Ryu, a good friend in a tight spot, comes between Lyd and Bell, but when it’s clear Bell isn’t about to head home with her, she provides him with something he might find useful. Of course, that something becomes useful immediately after they part ways, and when Bell encounters Fels.

The orb acts as a key to heretofore unknown man-made passages to the Dungeon, which lead to a labyrinth built by Daedalus centuries ago. Out at the entrance of Babel, the rest of Hesita Familia can only watch from the bushes and wait…until Lili gets the idea to ask her former captor about the network of smugglers.

Lyd, Gros, and the Xenos take a different route through the labyrinth with a another key, but both they and Bell/Fels end up in the same place: a staging area where the captives are imprisoned. They start breaking cages and chains, but they’re interrupted by Ikelos Familia and Dix, who have homefield advantage.

Dix reveals he’s a direct descendant of Daedalus, who went mad trying to surpass the Dungeon by his own hands. His monumental work, Knossos, remains unfinished to this day (like Sagrada Familia in Barcelona), but monster and Xenos smuggling is one of their revenue streams for continuing construction, and Dix & Co. are bound to continue the work Daedalus started…even if he doesn’t seem like a big fan of his ancestor

After activating a curse that has a Confuse and Berserk effect on the Xenos, Fels tells Bell their only choice is to defeat Dix in order to lift said curse. Oh, and by the way…Dix is Level 5. Nevertheless, if Bell wants to save Wiene, he’ll have to get through Dix.

The arrival of an arrangement of the DanMachi main battle theme is welcome, but I wish this episode didn’t feel like so much overly clunky plot mechanics engineered to put Bell in a duel with Dix. The duel itself, however, should be a lot of fun, even if there’s not much to Dix other than he’s, like, a bad dude. Hopefully Fels can provide some magey support to help even the odds…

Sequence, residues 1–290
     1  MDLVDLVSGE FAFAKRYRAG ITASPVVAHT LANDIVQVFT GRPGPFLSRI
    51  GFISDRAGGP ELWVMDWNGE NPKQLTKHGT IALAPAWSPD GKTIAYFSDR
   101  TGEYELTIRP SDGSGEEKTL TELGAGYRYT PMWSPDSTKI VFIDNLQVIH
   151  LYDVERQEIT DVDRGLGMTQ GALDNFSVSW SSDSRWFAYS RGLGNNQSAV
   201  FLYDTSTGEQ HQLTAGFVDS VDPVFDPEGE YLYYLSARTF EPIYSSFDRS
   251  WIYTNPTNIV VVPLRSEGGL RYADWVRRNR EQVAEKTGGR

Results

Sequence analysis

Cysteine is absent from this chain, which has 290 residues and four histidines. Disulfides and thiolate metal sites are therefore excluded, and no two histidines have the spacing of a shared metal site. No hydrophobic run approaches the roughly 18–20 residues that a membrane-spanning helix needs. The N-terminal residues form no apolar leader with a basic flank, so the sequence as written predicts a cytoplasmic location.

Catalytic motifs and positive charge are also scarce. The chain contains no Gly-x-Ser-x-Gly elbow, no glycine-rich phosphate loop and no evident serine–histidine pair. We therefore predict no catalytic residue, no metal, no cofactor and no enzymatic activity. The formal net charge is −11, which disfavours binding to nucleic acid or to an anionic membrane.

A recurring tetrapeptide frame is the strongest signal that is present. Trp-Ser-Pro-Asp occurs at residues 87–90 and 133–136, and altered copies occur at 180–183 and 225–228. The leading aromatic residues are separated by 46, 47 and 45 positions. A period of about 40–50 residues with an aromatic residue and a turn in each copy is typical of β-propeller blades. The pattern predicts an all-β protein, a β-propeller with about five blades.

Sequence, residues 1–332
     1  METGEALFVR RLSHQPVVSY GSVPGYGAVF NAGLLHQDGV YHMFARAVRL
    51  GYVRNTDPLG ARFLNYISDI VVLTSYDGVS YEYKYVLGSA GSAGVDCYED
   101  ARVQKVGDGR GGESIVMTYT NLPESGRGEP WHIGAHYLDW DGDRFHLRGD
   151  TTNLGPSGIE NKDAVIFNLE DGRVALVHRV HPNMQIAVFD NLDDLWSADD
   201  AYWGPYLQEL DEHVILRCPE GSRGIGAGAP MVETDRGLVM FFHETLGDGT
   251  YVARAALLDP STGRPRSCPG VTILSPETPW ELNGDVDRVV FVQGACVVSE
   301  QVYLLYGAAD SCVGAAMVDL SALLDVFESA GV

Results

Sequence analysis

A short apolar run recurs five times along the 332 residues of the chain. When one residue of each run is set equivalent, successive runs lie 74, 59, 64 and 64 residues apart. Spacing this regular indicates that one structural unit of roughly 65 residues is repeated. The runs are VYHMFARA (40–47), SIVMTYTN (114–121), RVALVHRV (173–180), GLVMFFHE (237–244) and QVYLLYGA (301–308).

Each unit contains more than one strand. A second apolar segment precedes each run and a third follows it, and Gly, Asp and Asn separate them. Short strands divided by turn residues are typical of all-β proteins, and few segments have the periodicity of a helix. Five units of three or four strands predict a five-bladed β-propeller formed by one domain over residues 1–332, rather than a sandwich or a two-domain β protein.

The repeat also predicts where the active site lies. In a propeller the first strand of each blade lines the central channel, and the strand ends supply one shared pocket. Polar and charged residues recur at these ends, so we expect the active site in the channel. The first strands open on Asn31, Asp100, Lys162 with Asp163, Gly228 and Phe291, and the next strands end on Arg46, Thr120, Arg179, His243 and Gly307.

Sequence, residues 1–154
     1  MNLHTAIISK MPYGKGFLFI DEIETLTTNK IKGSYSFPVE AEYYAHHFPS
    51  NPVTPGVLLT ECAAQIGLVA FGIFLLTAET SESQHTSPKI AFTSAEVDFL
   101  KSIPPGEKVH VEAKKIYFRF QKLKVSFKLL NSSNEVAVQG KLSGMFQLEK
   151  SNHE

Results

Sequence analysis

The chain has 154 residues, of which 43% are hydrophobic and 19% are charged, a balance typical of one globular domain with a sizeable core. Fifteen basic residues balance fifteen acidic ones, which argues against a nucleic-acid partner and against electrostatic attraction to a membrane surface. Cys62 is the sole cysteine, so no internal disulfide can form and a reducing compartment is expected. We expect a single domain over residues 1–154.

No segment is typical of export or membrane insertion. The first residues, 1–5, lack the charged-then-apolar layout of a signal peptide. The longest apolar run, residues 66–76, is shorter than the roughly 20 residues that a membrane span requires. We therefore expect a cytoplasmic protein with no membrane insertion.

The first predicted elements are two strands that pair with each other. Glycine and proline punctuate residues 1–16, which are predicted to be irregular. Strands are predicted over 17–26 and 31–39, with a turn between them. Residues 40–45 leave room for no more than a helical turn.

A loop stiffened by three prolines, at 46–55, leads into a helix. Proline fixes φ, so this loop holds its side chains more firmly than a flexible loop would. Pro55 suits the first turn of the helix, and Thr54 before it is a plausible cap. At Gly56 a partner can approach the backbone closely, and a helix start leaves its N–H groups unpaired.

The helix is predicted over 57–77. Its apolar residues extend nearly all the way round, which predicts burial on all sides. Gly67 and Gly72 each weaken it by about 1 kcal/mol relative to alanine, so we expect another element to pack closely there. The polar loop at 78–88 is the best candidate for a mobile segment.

DanMachi III – 05 – Being Made to Cross a Dangerous Bridge

Dix’s party ends up overwhelming and making quick work of the Xenos protecting Wiene before Dix himself captures her. He even lets the grunts have their way with Ranieh the spider woman, but she kills herself before they can do anything. Ya know, just in case we needed confirmation that Dix’s men are not good people!

The Gargoyle Gros is furious and demands vengeance. He destroys the bauble connecting Lyd to Fels, washing his monster hands of the humans for good. He convinces most of the other Xenos around into action, but Lyd and Rei (who’s still alive; Dix used a different siren as bait) aren’t among them, and follow in hopes of stopping Gros from undoing all of the progress they’ve made.

Human-Monster relations are all about appearances and experiences. Bell may have learned that despite looking monstrous the Xenos are thinking, feeling beings that aren’t united in a singular will to harm humans. But Ais Wallenstein has grown up defeating any monsters who would make any humans cry.

When they were last together, Ais and Bell were on pretty good terms, agreeing to visit that village together someday. But here Bell can already sense her lack of inflexibility or nuance when it comes to monsters. She’s always been a very straightforward person in other matters, so it will be tough for him to convince her some monsters are actually good.

Convincing Ais to join his pro-Xenos coalition becomes that much more difficult when the Guild sounds a citywide emergency alert: Livira on the Eighteenth Floor has been attacked and leveled by “armed monsters”, immediately followed by orders forbidding all citizens, even adventurers, from entering the Dungeon until further notice.

It’s an order from Ouranos himself, not wanting to further escalate the human-Xenos violence. Instead he devises a lighter-touch response involving a Ganesha Familiar suppression force (not kill squad), while also ensuring Bell, possibly the most reliable bridge between the sides, will join that force.

One by one we check in on the major familiae of the city and see how they all react. Loki is certain this is only the beginning and eventually they’ll all be drawn into the fighting; Freya seems intrigued that the Guild is keeping her fam out of it; Hermes is worried about Bell, and so has Asfi summon Aisha, who then convinces Ryuu to accompany her. I for one am always up for Aisha-Ryuu pair-ups!

Dix has what he wants—Wiene in chains—but he doesn’t seem to fully grasp or care exactly what he’s done. By slaughtering Wiene’s escort, he invoked Gros’ rage, and shattered any hope of Gros ever coming around to Lyd and Rei’s way of thinking regarding human coexistence. As for Ikelos, he seems elated his familia has created a waking nightmare.